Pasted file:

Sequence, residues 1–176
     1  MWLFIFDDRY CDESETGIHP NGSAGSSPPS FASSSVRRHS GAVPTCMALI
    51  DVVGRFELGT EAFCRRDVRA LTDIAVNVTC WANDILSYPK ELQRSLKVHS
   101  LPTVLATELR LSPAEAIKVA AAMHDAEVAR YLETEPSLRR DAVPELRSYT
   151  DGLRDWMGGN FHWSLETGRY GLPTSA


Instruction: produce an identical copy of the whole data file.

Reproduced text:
Sequence, residues 1–176
     1  MWLFIFDDRY CDESETGIHP NGSAGSSPPS FASSSVRRHS GAVPTCMALI
    51  DVVGRFELGT EAFCRRDVRA LTDIAVNVTC WANDILSYPK ELQRSLKVHS
   101  LPTVLATELR LSPAEAIKVA AAMHDAEVAR YLETEPSLRR DAVPELRSYT
   151  DGLRDWMGGN FHWSLETGRY GLPTSA